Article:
Technical implementation of identity assurance requires system changes from InCommon Operations, IdPs, and SPs. There are many different scenarios and choices.This page (and its child pages) capture lessons learned, recommended practices, and outstanding issues regarding the technical aspects of identity assurance.
|Table of Contents|
InCommon Operations will add identity assurance qualifiers (IAQs) to published metadata following notification of certification by InCommon management. IAQs will be added to the appropriate IdP entity descriptor of the certified IdP operator (IdPO).
Proposed IAQ URIs are:
There will likely be a need for non-production IAQs for use in interoperability testing, probably with test instances of metadata:
Note that all of the above URIs will resolve to actual web pages at some point.
IAQs in metadata
The following extension element will be added to the IdP's entity descriptor in metadata:
<mdattr:EntityAttributes xmlns:mdattr="urn:oasis:names:tc:SAML:metadata:attribute"> <saml:Attribute xmlns:saml="urn:oasis:names:tc:SAML:2.0:assertion" NameFormat="urn:oasis:names:tc:SAML:2.0:attrname-format:uri" Name="urn:oasis:names:tc:SAML:attribute:assurance-certification"> <saml:AttributeValue>http://id.incommon.org/assurance/silver</saml:AttributeValue> <saml:AttributeValue>http://id.incommon.org/assurance/bronze</saml:AttributeValue> </saml:Attribute> </mdattr:EntityAttributes>
<mdattr:EntityAttributes> element and the name of the
<saml:Attribute> element are defined by relevant OASIS specifications.
- The entity attribute and/or the IAQ has to be dated or versioned to indicate exactly what IAP is referred to.
Ideally SPs will initiate the assurance flow by including the desired IAQ in the SAML AuthnRequest element.
SPs will receive IAQs (either in response to a specific request, or sent unsolicited) in assertions from IdPs. SPs should use metadata to check that the IdP is authorized to assert the IAQs being asserting.
SPs will rely on local policy to decide how to handle incoming IAQs. For example if the SP requires InCommon Bronze but receives InCommon Silver, that should be acceptable.
- Some SPs may not be able to use the AuthnRequest mechanism due to software or other limitations. Are they simply out of luck?
- How is the AuthnRequest configured using the Shib SP? The simpleSAMLphp SP?
- Boarding process: Since an IAQ in metadata makes a statement about certification (not live service), how does an SP determine that an IdP supports assurance operationally (ala attribute support)? One approach is to include
<saml:Attribute>elements in IdP metadata. Other approaches?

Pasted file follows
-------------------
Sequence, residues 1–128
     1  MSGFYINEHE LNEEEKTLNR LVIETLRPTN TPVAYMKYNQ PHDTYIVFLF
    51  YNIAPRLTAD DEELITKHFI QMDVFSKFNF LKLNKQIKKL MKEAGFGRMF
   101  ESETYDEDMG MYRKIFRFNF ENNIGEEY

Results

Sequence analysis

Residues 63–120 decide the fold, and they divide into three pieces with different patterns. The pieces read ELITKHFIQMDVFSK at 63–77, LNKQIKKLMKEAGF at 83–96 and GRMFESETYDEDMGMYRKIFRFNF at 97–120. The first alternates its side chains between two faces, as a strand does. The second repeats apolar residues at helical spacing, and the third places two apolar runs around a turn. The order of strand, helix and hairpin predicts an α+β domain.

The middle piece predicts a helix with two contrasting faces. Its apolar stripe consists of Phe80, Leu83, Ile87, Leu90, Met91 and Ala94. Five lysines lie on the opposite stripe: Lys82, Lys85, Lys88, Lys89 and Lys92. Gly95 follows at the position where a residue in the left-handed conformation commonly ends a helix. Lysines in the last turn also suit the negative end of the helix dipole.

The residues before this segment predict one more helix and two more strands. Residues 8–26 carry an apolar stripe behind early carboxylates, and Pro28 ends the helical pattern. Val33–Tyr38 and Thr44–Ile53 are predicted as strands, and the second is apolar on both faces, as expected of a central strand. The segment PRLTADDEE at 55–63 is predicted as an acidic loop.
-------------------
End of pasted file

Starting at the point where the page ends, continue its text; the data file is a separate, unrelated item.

- Does the Shib SP software support the metadata check? Does the simpleSAMLphp SP?
- What matching rules are recommended, or acceptable?
- How is an SP supposed to "know" that Silver is acceptable in lieu of Bronze? Is there a role for InCommon to provide "advice"?
Ideally IdPs will receive a desired IAQ from an SP in an AuthnRequest to initiate the process. The IdP compares the requested IAQ to its matching rule and interacts with the local IdM system to determine if the current user meets the requirements. If so, the appropriate IAQ is returned in the AuthnContext element in the assertion.
- What matching rules are supported?
- If the SP requests Bronze, is it allowable for the IdP return Silver? How does the IdP "know" the mapping? Is there a role for InC to provide "advice"?
- Is it possible and/or desirable for the IdP to return multiple IAQs? No, not using the AuthnContext element.
- How does the Shib IdP interact with local IdM? Is a custom login handler required? Same question for simpleSAMLphp.
- If an SP does not assert an IAQ in an AuthnRequest and the current user meets the requirements for one or more IAQs, should the IdP assert the IAQ(s).
- Can the Shib (or SSP) IdP be configured to send IAQs without being requested?
- If so, what are the appropriate policy knobs (per-SP, per-user, whatever)?
SAML V2.0 Support for Assurance
SAML's support for identity assurance is embodied in a concept called "Authentication Context". The context of an authentication event is designed to capture both technical and procedural elements that factor into the "confidence" expressed by the identity provider in the event. In terms of assurance, this maps to the concepts of technical strength and identity proofing strength that make up an assurance profile.
Every authentication statement issued by an IdP contains an
<saml:AuthnContext> element that expresses the context of the authentication event. There are a variety of syntaxes supported, but the most common one is to define a "class" of authentication contexts that all share essential characteristics that are of interest to a relying party. These classes are mapped to URI constants that are expressed in an element called
<saml:AuthnContextClassRef>, of which a single value can be expressed by the IdP in response to an authentication request.
In addition, SAML V2.0 SPs have the capability to include simple or complex matching requirements in their authentication requests that influence the Authentication Context supplied by the IdP. The intent is to allow IdPs that support varying levels of assurance to honor requests based on the requirements of the SP and not a one-size-fits-all policy. In practice, this approach can be tricky to implement and may depend on customization of one's software deployment.
Thus, we expect assurance deployment to be gradual, and we will continue to evolve documentation to reflect what we learn. We also encourage deployers to talk to their software suppliers about the support (or lack thereof) of these features.
- SAML V2.0 Core
- SAML V2.0 Metadata Extension for Entity Attributes
- SAML V2.0 Identity Assurance Profiles